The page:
The United States is home to about 7 million Muslims and, for many of them, a series of recent terror attacks organized or inspired by the Islamic State has made being Muslim a challenge — to their religion and to their efforts to integrate into American society.
"We are part of this community in America,” said Ahmed Mashaal, an American Muslim and specialist in Islamic law. “We are part of the fabric from the early days of the American history."
Many Muslims who were born, raised and educated in the United States feel a duty to fight the spread of radical ideas being preached under the guise of "Islam."
At the Islamic Center of Northern Virginia — a short drive from the nation's capital — hundreds of Muslims gather to pray on a weekday and, on Fridays, some 2,000 believers join for community prayer.
Among them are recent immigrants and first-, second- and third-generation Americans, many of whom say it's necessary to reach out to the lonely and isolated who are easily radicalized into becoming homegrown terrorists.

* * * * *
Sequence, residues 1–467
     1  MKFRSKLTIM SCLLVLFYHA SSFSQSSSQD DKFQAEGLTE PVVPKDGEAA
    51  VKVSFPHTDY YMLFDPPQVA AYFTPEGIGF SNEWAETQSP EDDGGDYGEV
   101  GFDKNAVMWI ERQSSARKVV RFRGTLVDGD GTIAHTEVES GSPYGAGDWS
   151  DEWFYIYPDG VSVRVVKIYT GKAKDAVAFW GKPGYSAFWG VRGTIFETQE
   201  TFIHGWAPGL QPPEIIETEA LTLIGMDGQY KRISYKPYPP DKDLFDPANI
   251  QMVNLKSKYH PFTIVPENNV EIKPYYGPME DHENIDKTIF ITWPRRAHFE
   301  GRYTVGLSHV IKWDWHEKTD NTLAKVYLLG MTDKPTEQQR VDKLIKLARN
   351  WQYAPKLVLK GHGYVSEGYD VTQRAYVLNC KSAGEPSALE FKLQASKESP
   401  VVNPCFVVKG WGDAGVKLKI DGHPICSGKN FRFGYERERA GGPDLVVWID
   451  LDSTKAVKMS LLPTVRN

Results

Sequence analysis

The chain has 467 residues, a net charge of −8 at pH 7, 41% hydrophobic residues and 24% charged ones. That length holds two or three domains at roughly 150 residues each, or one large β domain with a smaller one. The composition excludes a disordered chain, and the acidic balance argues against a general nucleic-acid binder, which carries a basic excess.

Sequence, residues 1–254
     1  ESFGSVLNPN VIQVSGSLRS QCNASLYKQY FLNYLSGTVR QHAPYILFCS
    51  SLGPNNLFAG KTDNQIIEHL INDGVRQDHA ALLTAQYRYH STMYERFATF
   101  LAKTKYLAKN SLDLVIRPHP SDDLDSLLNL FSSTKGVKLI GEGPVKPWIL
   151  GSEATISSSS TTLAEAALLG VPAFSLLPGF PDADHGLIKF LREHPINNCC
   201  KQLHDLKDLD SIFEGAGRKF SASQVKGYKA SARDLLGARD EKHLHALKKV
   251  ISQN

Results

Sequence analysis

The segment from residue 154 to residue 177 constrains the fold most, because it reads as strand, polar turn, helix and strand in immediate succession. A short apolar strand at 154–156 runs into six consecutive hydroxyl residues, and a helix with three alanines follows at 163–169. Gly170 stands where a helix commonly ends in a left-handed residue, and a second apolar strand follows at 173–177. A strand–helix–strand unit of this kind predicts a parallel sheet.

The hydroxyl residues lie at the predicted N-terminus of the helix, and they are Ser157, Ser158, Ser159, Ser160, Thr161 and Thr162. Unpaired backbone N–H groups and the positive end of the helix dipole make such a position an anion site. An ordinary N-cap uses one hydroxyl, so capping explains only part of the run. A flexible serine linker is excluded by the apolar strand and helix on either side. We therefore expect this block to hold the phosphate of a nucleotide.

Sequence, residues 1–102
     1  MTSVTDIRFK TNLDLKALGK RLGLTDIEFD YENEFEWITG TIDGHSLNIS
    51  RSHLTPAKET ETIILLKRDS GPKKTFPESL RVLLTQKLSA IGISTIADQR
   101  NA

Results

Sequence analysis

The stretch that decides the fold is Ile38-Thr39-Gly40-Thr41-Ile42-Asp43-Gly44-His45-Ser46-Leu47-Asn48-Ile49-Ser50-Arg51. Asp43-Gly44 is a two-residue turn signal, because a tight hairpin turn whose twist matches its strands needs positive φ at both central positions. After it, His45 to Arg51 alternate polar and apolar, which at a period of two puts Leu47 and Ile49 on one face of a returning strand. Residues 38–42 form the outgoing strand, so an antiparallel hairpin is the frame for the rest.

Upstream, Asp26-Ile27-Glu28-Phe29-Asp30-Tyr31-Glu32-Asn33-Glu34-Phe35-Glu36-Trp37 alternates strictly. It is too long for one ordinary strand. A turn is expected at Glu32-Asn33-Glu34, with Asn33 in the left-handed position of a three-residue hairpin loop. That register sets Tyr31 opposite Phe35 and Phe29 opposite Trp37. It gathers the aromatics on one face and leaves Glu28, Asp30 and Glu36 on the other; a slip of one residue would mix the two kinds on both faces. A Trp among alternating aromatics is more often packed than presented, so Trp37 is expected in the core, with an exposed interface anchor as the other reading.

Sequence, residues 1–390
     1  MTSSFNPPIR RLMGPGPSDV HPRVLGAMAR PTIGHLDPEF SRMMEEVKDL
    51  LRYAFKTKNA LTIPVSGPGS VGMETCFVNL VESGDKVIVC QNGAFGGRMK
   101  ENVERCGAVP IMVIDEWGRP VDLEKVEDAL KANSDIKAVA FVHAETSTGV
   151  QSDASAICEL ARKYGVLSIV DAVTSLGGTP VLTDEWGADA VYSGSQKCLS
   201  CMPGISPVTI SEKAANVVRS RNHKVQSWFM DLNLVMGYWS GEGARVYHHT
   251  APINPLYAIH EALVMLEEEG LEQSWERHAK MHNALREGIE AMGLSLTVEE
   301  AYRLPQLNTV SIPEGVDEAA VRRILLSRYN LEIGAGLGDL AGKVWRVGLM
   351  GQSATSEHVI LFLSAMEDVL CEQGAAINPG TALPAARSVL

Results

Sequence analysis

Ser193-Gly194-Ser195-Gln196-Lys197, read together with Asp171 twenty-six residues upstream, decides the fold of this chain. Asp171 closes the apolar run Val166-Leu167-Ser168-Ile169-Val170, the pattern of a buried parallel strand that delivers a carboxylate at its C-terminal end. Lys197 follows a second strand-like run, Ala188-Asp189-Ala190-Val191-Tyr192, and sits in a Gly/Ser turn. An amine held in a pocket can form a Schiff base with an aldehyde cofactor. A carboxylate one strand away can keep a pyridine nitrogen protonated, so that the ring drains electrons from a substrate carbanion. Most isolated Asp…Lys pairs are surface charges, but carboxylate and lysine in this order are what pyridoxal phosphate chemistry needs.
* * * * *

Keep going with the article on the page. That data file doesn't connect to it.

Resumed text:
What that means, according to Mashaal, is "Being inclusive —having inclusive communities that bring the youth in — and having positive messages and making sure they have jobs and a role in the society versus having them live separately or isolationist or being alone."
Ali Asinalinsyed, a real estate agency owner, agrees.
"I do believe we need more voices from the Muslim community,” Asinalinsyed said, “to show solidarity and support for our religion that has been hijacked by a very wrong group of people. … They have nothing to do with Islam."
‘Bring back our religion’
Spreading the word about what Islam truly means is crucial for American Muslims, says Jakir Chowdhury, an IT specialist.
"There are certain groups of people that are trying to hijack the religion for their own perverted purpose,” he said. “Our role is to make sure that the community in general and the nation in general knows about this."
Polls and studies over the past few years show that Muslims have been crucial in helping law enforcement find terror suspects in the United States.
And a Pew survey found that roughly half of U.S. Muslims say their religious leaders are not speaking out enough against Islamic extremism.
"The Muslim leaders have been quiet for a long time,” said Muhammad Farooq, president of the Islamic Center of Northern Virginia. “It is the time for us to stand up and try to bring back our religion from the people who have hijacked it."